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21st Century Operations Using 21st Century Technologies

Use of Freeway Shoulders for Travel — Guide for Planning, Evaluating, and Designing Part-Time Shoulder Use as a Traffic Management Strategy

Chapter 6. Costs and Benefits Analysis

The previous chapters (3-5) address possible methods for estimating measures of part-time shoulder use performance in terms of mobility, safety, and environment, respectively. This chapter discusses how to compute the costs of part-time shoulder use over a project’s life cycle, how to monetize the potential benefits (or dis-benefits) discussed in previous chapters, and how to combine costs and benefits into a benefit-cost (B-C) ratio to simultaneously compare these performance measures. The B-C ratio is a useful tool in comparing alternative approaches for implementing and operating part-time shoulder use.

A benefit-cost analysis is also an important consideration within the broader regional transportation planning process. Transportation planners and operations personnel will likely need to compare more traditional infrastructure projects (e.g., permanent widening, bottleneck removal) and Transportation System Management and Operations (TSM&O)-oriented strategies, including part-time shoulder use. Because both of these different types of projects are often competing for the same funds, a benefit-cost analysis provides a framework for prioritizing and ranking widely varying improvement types.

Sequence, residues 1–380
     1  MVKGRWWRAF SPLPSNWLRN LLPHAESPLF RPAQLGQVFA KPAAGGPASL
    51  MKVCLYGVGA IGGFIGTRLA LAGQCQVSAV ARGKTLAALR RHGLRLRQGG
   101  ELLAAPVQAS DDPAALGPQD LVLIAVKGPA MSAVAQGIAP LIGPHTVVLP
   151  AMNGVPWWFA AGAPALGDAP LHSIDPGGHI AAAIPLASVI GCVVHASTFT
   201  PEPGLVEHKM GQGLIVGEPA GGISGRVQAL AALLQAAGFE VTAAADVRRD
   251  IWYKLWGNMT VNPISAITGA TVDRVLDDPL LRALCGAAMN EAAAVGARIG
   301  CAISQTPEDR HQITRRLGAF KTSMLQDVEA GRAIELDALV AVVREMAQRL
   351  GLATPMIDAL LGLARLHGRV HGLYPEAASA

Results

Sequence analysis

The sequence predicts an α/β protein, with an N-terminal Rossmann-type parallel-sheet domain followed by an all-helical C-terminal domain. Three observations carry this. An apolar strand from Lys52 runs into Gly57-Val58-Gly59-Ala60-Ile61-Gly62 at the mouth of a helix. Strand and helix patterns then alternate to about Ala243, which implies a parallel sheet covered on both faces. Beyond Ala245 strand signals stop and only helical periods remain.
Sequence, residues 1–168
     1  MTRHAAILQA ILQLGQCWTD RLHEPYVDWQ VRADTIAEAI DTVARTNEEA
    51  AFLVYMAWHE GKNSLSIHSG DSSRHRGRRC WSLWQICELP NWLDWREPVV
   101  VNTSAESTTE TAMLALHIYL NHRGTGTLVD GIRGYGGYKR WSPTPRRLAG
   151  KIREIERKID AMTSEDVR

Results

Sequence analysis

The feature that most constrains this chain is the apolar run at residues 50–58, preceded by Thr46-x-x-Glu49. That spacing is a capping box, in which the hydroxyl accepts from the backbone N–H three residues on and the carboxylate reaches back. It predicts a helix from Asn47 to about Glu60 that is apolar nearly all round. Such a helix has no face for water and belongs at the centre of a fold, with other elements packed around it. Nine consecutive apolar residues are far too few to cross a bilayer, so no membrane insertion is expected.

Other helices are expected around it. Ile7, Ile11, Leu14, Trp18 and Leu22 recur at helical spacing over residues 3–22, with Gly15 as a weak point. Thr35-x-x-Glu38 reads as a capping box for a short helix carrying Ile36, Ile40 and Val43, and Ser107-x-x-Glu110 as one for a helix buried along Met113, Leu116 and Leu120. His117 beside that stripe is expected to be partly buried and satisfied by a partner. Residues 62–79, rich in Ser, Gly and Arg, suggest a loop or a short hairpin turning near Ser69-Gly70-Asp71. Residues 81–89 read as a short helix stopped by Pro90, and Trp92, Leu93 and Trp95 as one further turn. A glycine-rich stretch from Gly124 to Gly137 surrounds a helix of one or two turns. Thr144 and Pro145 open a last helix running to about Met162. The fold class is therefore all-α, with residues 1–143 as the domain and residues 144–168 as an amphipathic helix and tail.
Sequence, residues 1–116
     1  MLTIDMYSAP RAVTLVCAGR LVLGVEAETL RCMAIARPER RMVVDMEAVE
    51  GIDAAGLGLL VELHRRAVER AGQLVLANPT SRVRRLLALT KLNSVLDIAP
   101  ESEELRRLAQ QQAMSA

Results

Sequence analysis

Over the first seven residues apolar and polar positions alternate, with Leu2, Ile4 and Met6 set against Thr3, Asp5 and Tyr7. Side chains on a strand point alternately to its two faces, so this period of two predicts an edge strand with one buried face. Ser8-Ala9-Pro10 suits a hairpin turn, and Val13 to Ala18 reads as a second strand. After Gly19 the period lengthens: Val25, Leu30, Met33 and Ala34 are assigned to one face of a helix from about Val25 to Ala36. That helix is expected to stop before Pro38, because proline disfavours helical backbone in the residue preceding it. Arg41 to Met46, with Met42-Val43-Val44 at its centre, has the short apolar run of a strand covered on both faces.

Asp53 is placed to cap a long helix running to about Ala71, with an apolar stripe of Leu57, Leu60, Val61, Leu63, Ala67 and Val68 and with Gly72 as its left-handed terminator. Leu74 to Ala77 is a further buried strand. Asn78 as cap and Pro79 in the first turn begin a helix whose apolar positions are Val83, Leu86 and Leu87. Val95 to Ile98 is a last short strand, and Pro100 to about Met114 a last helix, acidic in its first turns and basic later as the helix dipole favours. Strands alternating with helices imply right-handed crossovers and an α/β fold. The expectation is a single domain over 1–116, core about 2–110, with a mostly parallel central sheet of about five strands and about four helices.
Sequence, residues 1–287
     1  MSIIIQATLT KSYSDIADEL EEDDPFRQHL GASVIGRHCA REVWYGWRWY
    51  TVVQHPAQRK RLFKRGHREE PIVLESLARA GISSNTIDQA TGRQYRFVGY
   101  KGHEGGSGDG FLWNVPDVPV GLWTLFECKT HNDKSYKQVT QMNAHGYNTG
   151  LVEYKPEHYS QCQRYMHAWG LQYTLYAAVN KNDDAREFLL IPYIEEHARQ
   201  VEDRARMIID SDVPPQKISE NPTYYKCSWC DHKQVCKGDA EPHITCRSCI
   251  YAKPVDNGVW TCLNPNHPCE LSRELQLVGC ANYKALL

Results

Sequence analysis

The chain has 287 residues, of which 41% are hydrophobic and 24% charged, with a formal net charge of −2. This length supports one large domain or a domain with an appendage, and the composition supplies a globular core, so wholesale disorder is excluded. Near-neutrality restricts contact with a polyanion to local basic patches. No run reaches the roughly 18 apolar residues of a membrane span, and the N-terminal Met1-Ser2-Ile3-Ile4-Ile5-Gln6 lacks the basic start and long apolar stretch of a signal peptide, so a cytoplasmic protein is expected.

This chapter provides information for computing life-cycle costs and developing a Benefit-Cost Analysis (BCA). Additional details on some of the BCA activities and processes can be found in the Federal Highway Administration (FHWA) Life-Cycle Cost Analysis Primer and the FHWA Operations Benefit/Cost Analysis Desk Reference.(34, 35)

Life-Cycle Costs

Estimating the life-cycle costs of part-time shoulder use is often complex. This is particularly true of more-advanced part-time shoulder use, such as dynamic part-time shoulder use or static part-time shoulder use with dynamic signs. Compared with more traditional infrastructure improvements, TSM&O improvements such as part-time shoulder use typically incur a greater proportion of their costs as continuing operations and maintenance costs, as opposed to upfront capital costs.

Much of the intelligent transportation systems (ITS) equipment associated with part-time shoulder use also typically has a much shorter anticipated useful life than many traditional improvements and must be replaced as it reaches obsolescence. Costs include deployment, implementation, and operations and maintenance plans. Failure to recognize and accurately forecast these costs may result in future funding or resource shortfalls, or the inability to properly operate and maintain deployed part-time shoulder use.